"Bar Month" at OnMilwaukee is brought to you by Miller Brewing Company, calling Milwaukee home since 1855. For the entire month of March, we're serving up fun articles on bars, clubs and beverages – including guides, the latest trends, bar reviews, the results of our Best of Bars poll and more. Grab a designated driver and dive in!
In this series, we're trying out some of the city's most popular fish fries. You'll find commentary, pro tips and ratings of the three staples of a classic Wisconsin fry: namely the fish, the potato pancakes and the classic Wisconsin-style brandy old fashioned. View all fish fry reviews here.
68th Street Pub
6800 W. Layton Ave.
I'm not sure how long the 68th Street Pub has been a fixture on Layton Avenue, but I’m going to guess a very long time. At heart, it’s a classic corner tavern, complete with carpeted walls that mimic the look of parquet flooring, a digital jukebox, a number of gambling machines and plenty of the expected beer paraphernalia hanging on the walls. Micro rope lights offer a festive glow.
It’s a quaint spot with space for about 20 people. When we arrived on a Wednesday evening, there were locals drinking beer at the bar and a table of two enjoying a fish fry in the dining room. They bill themselves as the "home of the best fish fry and tenderloin steak sandwich," so my expectations were set fairly high.
Fish fry is served on both Wednesday and Friday evenings. Options include beer battered cod ($11.50), beer battered walleye ($15.95), breaded shrimp ($13.95), breaded coconut shrimp ($14.50), cod and shrimp ($13.95), walleye and shrimp ($14.95), cod, walleye and shrimp ($15.95) baked cod ($12.50), baked cod and shrimp ($15.95), breaded catfish ($13.50), or breaded crab cakes ($13.25). Each plate comes with buttered marble rye bread, a choice of potato (French fries, potato salad or potato pancakes) and coleslaw.
The walleye plate contained two large walleye fillets. They were covered with a light crisp beer batter that was about as classic as it comes. Meanwhile, the flesh of the fish was firm, but tender with a nice flavor.
My dining companion ordered the cod and shrimp combo, which included three small to mid-sized butterflied shrimp with a crisp breadcrumb coating and three pieces of cod. The fish was tender and the batter was crisp and light, very much like the walleye.
I wouldn't say it was "the best" I’ve ever had, but it passed muster. It actually reminded me of the fish I recall eating in my youth when my family went out for the occasional Friday night fish fry. So, it got a good half-point extra for the nostalgia factor.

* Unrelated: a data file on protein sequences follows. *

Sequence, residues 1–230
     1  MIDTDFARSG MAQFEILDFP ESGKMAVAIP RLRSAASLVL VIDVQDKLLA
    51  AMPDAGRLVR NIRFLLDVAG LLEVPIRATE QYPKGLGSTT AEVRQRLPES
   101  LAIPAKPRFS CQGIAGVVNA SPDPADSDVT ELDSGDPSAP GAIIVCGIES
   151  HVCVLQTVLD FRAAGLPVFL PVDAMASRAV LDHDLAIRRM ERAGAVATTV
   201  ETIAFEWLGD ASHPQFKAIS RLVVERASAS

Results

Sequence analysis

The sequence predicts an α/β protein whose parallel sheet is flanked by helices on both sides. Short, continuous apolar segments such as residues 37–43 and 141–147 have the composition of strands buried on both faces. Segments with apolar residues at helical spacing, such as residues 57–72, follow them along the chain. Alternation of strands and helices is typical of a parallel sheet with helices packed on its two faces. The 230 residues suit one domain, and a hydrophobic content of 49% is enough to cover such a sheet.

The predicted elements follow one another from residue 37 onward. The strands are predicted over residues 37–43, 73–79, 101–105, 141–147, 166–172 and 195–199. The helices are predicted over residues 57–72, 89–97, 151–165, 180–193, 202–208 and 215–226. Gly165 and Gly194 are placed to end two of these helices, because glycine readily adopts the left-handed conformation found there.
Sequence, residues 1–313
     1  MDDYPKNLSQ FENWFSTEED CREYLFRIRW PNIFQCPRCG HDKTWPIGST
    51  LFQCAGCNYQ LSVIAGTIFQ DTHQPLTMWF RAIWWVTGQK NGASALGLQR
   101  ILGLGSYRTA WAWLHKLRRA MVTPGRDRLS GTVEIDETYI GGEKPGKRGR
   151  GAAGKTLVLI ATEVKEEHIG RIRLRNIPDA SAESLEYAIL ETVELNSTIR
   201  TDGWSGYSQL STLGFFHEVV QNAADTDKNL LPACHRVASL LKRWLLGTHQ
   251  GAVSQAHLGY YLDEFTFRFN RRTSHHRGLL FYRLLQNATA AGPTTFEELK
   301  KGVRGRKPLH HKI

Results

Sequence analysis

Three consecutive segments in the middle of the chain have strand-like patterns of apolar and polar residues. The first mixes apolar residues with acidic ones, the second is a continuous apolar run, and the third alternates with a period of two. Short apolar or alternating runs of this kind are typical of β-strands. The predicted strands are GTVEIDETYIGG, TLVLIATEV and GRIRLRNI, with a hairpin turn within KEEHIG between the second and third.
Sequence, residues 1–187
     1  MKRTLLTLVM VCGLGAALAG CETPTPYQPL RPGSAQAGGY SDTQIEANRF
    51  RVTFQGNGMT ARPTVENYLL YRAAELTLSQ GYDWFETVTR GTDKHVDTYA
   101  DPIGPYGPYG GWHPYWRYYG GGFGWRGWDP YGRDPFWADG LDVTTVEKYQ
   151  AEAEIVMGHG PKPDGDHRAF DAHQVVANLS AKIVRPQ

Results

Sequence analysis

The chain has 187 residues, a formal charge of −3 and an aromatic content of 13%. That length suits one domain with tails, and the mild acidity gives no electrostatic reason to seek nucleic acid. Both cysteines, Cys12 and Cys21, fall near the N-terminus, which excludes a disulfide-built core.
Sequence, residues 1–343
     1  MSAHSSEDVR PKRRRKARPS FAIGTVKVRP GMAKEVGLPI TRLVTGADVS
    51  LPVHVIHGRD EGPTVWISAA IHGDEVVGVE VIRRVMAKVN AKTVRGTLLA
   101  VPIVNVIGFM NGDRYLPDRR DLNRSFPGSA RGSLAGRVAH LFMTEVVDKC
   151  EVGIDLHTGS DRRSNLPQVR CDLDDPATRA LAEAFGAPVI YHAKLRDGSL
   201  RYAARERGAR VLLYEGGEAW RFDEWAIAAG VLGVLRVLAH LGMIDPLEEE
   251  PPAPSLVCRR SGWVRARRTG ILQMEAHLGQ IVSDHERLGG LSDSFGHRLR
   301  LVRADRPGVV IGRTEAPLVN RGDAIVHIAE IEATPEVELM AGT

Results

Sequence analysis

The potato pancakes
On the other hand, the potato pancakes did not remind me of the fish fries of yore. Alas, they were not housemade; rather, they were the crisp almost-flower-shaped hashbrown-style cakes typical of those found at a variety of restaurants around town. Nothing horrible, but nothing special either.
The old fashioned
Meanwhile, the old fashioned was solid. It was moderately sweet with a good brandy presence and a touch of bitters. There was no visible muddled fruit, but there was a double maraschino cherry garnish.
Got suggestions for our next fish fry? Email firstname.lastname@example.org with your suggestions. Suggested fish fry menus must include lake fish (walleye, perch), potato pancakes and a stellar old fashioned.
Lori Fredrich (Lo) is an eater, writer, wonderer, bon vivante, traveler, cook, gardener and girlwonder. Born and raised in the Milwaukee area, she has tried to leave many times, but seems to be drawn to this quirky city that smells of beer and alewives.
Some might say that she is a little obsessed with food. Lo would say she is A LOT obsessed with food. After all, she has been cooking, eating and enjoying food for decades and has no plans to retire anytime soon.
Lo's recipes and writing have been featured in a variety of publications including GO: Airtran Inflight Magazine, Cheese Connoisseur, Cooking Light, Edible Milwaukee, Milwaukee Magazine and the Milwaukee Journal Sentinel, as well as on the blog Go Bold with Butter, the web site Wisconsin Cheese Talk, and in the quarterly online magazine Grate. Pair. Share.